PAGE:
Nonlinear Waves: Theory and Simulations

Many physical processes exhibit some form of nonlinear wave phenomena. However diverse they are (e.g. from engineering to finance), however small they are (e.g. from atomic to cosmic scales), they all emerge from hyperbolic partial differential equations (PDEs). This course explores aspects of hyperbolic PDEs leading to the formation of shocks and solitary waves, with a strong emphasis on systems of balance laws (e.g. mass, momentum, energy) owing to their prevailing nature in Nature. In addition to presenting key theoretical concepts, the course is designed to offer computational strategies to explore the rich and fascinating world of nonlinear wave phenomena.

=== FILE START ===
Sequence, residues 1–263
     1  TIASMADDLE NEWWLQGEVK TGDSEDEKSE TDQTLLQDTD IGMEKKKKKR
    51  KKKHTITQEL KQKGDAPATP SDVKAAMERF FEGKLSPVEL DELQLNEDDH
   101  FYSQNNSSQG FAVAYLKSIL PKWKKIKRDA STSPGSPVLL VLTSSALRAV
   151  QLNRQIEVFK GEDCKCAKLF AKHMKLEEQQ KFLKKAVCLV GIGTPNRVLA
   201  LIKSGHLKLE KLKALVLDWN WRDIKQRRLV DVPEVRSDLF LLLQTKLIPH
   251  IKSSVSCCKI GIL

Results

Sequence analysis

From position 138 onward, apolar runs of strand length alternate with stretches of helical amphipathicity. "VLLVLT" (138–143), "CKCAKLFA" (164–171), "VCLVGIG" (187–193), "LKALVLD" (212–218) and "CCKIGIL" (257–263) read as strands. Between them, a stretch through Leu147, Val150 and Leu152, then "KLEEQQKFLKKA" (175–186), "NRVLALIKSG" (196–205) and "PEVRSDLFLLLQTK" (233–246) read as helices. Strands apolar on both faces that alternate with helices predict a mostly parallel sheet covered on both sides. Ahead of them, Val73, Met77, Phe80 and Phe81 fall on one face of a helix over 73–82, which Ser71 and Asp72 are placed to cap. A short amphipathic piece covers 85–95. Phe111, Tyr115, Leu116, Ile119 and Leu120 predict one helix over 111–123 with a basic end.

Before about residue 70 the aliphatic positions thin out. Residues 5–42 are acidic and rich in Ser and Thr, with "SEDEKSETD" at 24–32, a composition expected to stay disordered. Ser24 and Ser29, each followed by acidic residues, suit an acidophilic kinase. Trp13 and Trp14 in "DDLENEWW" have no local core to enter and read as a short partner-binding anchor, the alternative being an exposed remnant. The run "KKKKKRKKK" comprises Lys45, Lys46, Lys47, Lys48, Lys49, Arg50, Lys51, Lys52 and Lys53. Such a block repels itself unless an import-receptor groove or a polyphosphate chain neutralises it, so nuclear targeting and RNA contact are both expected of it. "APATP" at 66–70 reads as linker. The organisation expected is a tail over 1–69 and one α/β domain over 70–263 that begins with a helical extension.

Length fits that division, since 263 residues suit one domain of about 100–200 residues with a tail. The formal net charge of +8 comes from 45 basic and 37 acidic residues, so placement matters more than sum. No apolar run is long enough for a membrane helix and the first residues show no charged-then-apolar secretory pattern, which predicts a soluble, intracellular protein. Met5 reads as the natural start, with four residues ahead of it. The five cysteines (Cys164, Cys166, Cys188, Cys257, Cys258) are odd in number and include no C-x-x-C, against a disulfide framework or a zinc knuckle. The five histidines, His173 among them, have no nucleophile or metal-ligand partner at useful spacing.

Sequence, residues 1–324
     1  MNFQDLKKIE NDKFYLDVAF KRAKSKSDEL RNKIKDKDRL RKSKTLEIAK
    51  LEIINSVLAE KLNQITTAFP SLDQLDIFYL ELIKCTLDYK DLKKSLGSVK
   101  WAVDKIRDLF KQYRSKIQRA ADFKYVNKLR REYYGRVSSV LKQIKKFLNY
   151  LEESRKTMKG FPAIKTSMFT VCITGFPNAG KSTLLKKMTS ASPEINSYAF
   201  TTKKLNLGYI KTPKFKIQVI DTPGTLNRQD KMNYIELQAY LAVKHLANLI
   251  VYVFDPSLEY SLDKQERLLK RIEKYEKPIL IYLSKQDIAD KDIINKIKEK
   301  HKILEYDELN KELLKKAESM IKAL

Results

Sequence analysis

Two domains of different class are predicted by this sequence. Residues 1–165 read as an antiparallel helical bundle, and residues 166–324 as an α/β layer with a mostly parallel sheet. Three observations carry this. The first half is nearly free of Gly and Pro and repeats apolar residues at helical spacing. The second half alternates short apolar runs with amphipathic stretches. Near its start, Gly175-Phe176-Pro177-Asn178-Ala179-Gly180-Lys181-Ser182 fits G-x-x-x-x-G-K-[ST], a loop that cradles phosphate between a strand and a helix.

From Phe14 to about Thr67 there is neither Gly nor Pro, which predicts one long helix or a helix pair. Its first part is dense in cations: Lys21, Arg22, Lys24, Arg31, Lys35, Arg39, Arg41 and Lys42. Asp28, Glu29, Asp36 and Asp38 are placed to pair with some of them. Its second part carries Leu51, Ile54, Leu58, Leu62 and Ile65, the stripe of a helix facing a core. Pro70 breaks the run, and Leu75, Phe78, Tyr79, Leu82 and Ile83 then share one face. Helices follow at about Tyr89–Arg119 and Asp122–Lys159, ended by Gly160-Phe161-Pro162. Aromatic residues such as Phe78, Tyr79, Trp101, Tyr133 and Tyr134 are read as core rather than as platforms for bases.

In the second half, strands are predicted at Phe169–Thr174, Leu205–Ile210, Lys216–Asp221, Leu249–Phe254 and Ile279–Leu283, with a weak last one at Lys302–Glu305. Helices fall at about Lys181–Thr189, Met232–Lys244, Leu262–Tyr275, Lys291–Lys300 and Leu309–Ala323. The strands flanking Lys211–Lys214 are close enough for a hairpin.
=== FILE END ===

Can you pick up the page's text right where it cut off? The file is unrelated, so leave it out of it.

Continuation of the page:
By the end of this course, participants dealing with wave-like phenomena in their research field of interest should be able to identify components that can trigger front-like structures (e.g. shocks, solitons) and be able to explore their motion numerically. Whilst the course is aimed at graduate students with an engineering/physics background, biologists interested in wave phenomena in biological systems (e.g. neurones, arteries, cells) are also welcome. However, it is assumed that participants have prior knowledge of maths for engineers and physicists.


Prerequisites or Prior Knowledge

 Prior knowledge of maths for engineers and physicists.